Charlie Ellis On Playing "The Loser's Game"

Charles D. Ellis, President of Greenwich Associates, wrote a seminal article entitled "The Loser's Game" in The Financial Analysts Journal for July/August 1975.

Ellis quickly offered a provocative and bold statement: "The investment management business is built upon a simple and basic belief: Professional managers can beat the market. That premise appears to be false."

He pointed out that over the prior decade, 85% of institutional investors had underperformed the return of the S&P 500 Index, largely because "money management has become a Loser's Game.…Institutional investors have become, and will continue to be, the dominant feature of their own environment … causing the transformation that took money management from a Winner's Game to a Loser's Game.

The ultimate outcome is determined by who can lose the fewest points, not who can win them." He went on to note that "gambling in a casino where the house takes 20% of every pot is obviously a Loser's Game."

Ellis went to the underlying economics of the matter: If equities provide an average return of 9% a year, and a manager generates 30% portfolio turnover at a cost of 3% of the principal value on both the sales and the reinvestment of the proceeds (a reduction in return equal to 1.8% of assets per year) and charges management and custody fees equal to 0.2% (low!), the active manager incurs costs of 2%. Therefore, he must achieve an annual return of +11% before these costs—that is, 22% above the market's return—just to equal the gross market return. (That 2% aggregate cost remains pretty much the same—although of a somewhat different composition—for mutual funds in 1997, 22 years later.)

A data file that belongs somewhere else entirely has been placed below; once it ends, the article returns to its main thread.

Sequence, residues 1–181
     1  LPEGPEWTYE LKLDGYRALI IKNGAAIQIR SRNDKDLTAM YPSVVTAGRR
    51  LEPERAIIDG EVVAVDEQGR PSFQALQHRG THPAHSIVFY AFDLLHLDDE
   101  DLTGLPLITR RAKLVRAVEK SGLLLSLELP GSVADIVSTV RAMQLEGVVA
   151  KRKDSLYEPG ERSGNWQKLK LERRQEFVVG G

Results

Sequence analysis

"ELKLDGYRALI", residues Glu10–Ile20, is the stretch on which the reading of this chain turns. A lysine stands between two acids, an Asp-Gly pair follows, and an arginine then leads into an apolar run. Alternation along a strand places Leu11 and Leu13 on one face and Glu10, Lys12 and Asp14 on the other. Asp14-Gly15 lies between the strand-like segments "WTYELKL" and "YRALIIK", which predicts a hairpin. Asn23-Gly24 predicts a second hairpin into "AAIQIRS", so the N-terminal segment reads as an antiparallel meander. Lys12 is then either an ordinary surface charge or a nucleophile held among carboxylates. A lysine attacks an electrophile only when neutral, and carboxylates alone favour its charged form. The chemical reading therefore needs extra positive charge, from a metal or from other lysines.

While Ellis did not call for the formation of an index fund, he did ask: "Does the index necessarily lead to an entirely passive index portfolio?" He answered, "No, it doesn't necessarily lead in that direction. Not quite. But if you can't beat the market, you should certainly consider joining it. An index fund is one way."

In the real world, of course, few managers indeed have consistently been able to add more than those two percentage points of annual return necessary merely to match the index, and even those few have been exceptionally difficult to identify in advance.

Fortune: "Cost is the principal reason that investors are unable to outpace the market index"

In July 1975, in an article entitled "Some Kinds of Mutual Funds Make Sense," Fortune's Editor A.F. Ehrbar concluded some things that seem pretty obvious today: "While funds cannot consistently outperform the market, they can consistently underperform it by generating excessive research costs (i.e., management fees) and trading costs.…It is clear that prospective buyers of mutual funds should look over the costs before making any decisions."

He concluded that "funds actually do worse than the market." He had little hope that the mutual fund industry would rush to fill the gap created by the new view that cost is the principal reason that investors as a group are unable to outpace the market index.

But Ehrbar described the best alternative for mutual fund investors: "a no-load mutual fund with low expenses and management fees, about the same degree of risk as the market as a whole, and a policy of always being fully invested."

Ehrbar's conclusion holds true to this day.